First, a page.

Meet Rachel Sauvola, agriculture teacher at New Richmond High School, in Wisconsin. For the last 20 years, Mrs. Sauvola has been a great resource for her students, an advocate for the agricultural education profession, and an inspiration for both future and current agriculture teachers across the nation. Here's a quick Q&A to help you get to know Mrs. Sauvola and find out why she has the BEST. CAREER. EVER!
Q: Who inspired you to be an agriculture teacher?
A: My dad first tricked me into attending my first FFA meeting when I was twelve. After I found an exceptional group of like-minded agriculture students who were up for adventure just like me, I was hooked! I was blessed with a junior high instructor, Ed Bielinski, who immediately got me involved, and then when my family moved to Stoughton, I was further inspired by Jerry Wendt. My dad also continues to inspire me as he farms in southern Wisconsin.
A: I LOVE being the teacher in the school who gets to expose my students to new experiences every day - things they have never done, places they have never been to, or food items they have never tasted! We bond over these experiences and they remember them for life. Years later, they see me downtown and start our conversation with, "Remember when we..." and those are moments I will always treasure!
Q: Describe a typical day for you as an agriculture teacher.
A: I love that no two days are ever the same! I have no idea what I will truly encounter when I wake up! I have to get my own children off to school, and then I hit the ground running in my own classroom at 7:20am, as school begins at 7:35am. I do a preliminary check around my department to listen and observe the fish, livestock, companion animals, and greenhouse spaces, to ensure things are ready for the day. Sometimes my day goes awry right there if something or someone needs to be attended to right away. The students who take the class associated with our school farm check-in and get their task list. I then teach six different courses -- out of my 16 course repertoire -- before checking in with the afternoon farm students. If I'm lucky, I will have prep time at the end of the school day. I also attend numerous meetings after school, both within the district and in the community. I network with my volunteers to ensure that tasks they are helping with are in line and on track. I answer emails and return phone calls. Then it's back home to see my family and read with my kids before bedtime. In all honesty, my dear, dear husband handles many things at home. Sometimes you have a sick or injured animal, a greenhouse malfunction, a large fish tank issue, a student who needs you, or any other number of things that require time and patience to get through. It's no joke that we work long hours!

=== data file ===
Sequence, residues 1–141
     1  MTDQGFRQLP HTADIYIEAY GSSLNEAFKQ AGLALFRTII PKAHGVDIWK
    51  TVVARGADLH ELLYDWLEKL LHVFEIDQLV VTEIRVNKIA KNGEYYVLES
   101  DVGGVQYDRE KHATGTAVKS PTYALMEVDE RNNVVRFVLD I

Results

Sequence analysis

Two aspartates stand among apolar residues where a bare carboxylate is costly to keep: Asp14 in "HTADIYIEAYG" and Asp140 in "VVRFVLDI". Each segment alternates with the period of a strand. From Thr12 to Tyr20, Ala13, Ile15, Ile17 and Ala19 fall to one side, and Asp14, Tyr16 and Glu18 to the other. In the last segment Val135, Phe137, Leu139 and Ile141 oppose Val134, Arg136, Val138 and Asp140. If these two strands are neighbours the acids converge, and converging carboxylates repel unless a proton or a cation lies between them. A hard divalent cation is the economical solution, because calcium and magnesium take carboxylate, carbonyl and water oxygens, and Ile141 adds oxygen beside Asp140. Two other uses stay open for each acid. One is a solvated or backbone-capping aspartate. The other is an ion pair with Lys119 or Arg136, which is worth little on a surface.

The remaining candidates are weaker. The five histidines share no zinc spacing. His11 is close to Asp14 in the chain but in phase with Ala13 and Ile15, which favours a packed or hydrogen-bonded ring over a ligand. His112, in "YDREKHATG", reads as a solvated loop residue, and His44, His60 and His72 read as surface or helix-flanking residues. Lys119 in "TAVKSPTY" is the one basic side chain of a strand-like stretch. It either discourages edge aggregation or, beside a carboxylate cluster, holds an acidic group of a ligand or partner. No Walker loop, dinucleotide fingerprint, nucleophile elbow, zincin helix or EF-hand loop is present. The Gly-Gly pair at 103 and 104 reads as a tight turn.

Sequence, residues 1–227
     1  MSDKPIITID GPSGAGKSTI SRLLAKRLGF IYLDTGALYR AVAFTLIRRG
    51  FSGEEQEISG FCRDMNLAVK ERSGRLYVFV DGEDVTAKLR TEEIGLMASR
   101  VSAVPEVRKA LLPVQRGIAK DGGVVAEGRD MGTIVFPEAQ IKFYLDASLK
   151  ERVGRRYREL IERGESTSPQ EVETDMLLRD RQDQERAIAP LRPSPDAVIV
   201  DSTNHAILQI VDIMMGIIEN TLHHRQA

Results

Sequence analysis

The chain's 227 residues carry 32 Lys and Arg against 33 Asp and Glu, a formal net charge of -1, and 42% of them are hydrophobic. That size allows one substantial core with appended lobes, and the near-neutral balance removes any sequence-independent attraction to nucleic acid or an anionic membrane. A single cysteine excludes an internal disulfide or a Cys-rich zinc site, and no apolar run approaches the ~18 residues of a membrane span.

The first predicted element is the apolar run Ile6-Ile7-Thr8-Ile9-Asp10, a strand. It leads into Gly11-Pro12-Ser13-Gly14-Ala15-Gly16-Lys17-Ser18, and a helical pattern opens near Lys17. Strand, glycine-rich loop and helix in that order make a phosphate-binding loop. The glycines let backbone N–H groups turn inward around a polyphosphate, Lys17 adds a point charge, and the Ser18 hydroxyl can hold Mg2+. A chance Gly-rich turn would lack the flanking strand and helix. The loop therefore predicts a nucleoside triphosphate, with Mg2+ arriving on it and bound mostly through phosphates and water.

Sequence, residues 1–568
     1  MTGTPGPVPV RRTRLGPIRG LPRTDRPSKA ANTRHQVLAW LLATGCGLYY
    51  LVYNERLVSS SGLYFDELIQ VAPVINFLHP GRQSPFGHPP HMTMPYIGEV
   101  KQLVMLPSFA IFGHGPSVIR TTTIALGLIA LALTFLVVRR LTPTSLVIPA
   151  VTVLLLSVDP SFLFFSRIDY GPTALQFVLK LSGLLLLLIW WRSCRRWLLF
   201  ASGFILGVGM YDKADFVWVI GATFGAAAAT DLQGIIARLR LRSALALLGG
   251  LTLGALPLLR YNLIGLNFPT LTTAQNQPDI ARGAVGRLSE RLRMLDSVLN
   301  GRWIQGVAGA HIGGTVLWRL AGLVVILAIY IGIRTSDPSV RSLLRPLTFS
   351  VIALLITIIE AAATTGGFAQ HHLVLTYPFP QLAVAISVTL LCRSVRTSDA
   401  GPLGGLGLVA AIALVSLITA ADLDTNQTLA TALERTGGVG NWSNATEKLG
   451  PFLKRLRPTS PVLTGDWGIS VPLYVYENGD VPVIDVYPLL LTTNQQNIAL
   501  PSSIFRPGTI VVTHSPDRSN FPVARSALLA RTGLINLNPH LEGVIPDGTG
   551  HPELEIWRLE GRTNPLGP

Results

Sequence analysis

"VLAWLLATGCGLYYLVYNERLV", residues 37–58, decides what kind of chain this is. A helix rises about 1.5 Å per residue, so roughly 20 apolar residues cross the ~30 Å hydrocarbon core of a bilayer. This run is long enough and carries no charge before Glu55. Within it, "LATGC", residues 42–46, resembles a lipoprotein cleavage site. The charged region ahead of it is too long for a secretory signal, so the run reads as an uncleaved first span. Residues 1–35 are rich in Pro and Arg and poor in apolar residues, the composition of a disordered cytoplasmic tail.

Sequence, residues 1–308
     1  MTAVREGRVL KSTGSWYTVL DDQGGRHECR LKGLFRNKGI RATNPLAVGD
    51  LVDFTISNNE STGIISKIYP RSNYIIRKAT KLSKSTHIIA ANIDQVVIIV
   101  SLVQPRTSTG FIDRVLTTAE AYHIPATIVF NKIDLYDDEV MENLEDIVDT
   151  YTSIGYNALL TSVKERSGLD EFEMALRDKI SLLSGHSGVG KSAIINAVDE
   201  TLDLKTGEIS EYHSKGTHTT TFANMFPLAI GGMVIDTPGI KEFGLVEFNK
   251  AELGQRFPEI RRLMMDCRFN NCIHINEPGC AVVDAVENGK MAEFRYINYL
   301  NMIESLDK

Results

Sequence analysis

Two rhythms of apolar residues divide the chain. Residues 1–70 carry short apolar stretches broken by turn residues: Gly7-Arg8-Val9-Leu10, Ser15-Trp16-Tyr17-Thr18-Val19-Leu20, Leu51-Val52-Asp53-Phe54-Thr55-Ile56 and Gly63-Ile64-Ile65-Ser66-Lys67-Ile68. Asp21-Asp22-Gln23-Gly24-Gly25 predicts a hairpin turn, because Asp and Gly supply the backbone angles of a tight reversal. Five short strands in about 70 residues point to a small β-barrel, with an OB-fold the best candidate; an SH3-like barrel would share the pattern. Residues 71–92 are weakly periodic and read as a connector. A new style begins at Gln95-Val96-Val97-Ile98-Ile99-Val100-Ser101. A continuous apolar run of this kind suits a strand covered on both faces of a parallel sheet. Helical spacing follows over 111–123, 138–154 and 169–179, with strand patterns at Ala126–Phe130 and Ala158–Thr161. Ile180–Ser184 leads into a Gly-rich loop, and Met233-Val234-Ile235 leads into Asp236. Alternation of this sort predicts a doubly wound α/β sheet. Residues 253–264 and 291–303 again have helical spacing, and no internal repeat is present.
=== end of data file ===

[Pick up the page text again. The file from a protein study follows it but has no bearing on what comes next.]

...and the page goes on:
A: I have had two:
1. Being able to design my own facility during the construction of the new high school.
2. Creating the SOAR Educational Center (SOAR stands for Student Opportunities with Agricultural Resources). It's our school district farm that is a huge community collaboration, where my students and I raise food for school lunch. We presently have 14 head of beef cattle, 50 chickens, 12 ducks, and a petting zoo goat. Our school's nutrition department pays my agriscience department for the things we produce, so that our farm is a real-working farm.
Q: Why should others consider a career as an agriculture teacher?
A: If you love fast-paced activity that leaves a lasting impact on others, teaching agriculture is for you! It's a necessary career to showcase our food, fiber, and natural resource systems, as consumers get back to knowing more about where the commodities come from in their daily lives. Being a force for success in a local community is a super cool thing when fabulous students engage in helping you to teach others about agriculture too.
Interested in the BEST. CAREER. EVER? Check out the Teach Ag website for more information on how you can begin your journey today!